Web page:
Barracudas head coach Sara Parfit, who managed Guernsey’s swim team at Gibraltar 2019, does not mind waiting to ensure that the island can stage the best event possible.
Her thoughts were in response to the Guernsey 2021 organising committee’s announcement that they will decide in late September as to whether the Games go ahead as planned next July.
‘My feelings would be that I hope it’s a Games where everybody comes,’ said Parfit.
‘It’s something for everybody, not just swimming, and if we’ve got got islands that are not able to come for some reason, whether financial or just still battling the coronavirus, it just makes it almost a “Half Games.”
Local training facilities reopened just over two weeks ago and while competition may only resume in autumn with solely domestic options, Guernsey swimmers still have a leg up on many of their traditional rivals. Many county, national and international meets have been lost to the pandemic, even the Commonwealth Youth Games, which have been moved from August 2021 to 2023.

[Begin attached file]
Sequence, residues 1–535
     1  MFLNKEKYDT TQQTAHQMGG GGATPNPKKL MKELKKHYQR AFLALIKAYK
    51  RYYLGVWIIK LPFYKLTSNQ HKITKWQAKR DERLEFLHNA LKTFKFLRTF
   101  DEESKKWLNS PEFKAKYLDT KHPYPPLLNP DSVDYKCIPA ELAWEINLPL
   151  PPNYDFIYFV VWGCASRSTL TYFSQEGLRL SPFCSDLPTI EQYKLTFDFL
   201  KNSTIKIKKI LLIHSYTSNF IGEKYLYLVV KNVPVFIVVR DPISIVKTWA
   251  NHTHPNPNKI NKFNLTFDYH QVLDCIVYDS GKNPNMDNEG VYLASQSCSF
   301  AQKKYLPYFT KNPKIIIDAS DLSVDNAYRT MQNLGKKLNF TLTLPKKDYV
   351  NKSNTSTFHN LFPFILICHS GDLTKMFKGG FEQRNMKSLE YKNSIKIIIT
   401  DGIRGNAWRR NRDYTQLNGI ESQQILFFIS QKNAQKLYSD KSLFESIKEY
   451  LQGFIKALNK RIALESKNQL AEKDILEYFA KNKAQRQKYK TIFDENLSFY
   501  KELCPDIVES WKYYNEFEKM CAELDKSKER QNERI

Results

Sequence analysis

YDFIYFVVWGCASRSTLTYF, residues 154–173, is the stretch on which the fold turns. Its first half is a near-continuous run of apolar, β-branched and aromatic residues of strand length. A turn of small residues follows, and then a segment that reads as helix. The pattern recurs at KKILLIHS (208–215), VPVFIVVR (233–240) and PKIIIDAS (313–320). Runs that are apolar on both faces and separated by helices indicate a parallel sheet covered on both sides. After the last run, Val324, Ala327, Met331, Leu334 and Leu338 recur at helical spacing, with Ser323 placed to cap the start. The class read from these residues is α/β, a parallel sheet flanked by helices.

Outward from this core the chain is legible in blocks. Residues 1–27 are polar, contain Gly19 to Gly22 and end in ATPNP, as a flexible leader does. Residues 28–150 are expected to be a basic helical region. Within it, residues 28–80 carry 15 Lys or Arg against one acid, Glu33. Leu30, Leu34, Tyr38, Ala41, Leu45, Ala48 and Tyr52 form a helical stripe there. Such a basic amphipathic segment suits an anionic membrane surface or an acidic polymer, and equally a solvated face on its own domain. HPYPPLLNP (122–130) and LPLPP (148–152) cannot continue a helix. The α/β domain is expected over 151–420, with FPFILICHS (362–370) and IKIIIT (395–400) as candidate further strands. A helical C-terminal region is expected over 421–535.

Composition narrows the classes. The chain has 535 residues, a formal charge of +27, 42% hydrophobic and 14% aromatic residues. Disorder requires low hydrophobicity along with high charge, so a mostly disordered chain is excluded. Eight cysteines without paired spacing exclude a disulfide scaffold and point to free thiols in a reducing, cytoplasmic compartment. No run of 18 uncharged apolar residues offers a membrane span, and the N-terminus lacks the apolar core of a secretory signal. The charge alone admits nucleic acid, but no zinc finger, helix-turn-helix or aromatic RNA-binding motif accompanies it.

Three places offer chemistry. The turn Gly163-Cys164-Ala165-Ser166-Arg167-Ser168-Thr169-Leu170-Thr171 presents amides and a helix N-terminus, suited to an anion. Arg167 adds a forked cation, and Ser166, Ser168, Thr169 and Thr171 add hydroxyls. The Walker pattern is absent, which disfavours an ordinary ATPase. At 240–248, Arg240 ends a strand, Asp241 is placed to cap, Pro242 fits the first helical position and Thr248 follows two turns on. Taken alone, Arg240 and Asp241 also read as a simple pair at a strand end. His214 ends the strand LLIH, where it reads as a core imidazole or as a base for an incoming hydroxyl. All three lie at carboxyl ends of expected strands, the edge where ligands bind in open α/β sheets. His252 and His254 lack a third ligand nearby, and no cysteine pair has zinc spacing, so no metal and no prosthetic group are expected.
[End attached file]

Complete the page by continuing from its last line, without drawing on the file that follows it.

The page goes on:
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‘I think all the swimmers will be disappointed if it doesn’t happen next year, as we’ve had a lot of cancellations already,’ added Parfit.
‘There’s a lot of disappointment at not being able to compete and there’s a lot of excitement about the Games, but a lot of swimmers will not have thought about the implications.’
A theoretical one-year postponement would mean the local spectacle concludes around two weeks before the Birmingham 2022 Commonwealth Games start, but Parfit is not fretting.
‘Working in a team at the Island Games gives people such a high and I think it would prepare them well to go the Commonwealths.’
Barry Hallett, the proud father of promising swim siblings Charlie-Joe and Ronny, added: ‘I know the boys would be disappointed [following postponement], but they would say “Better safe than sorry”.’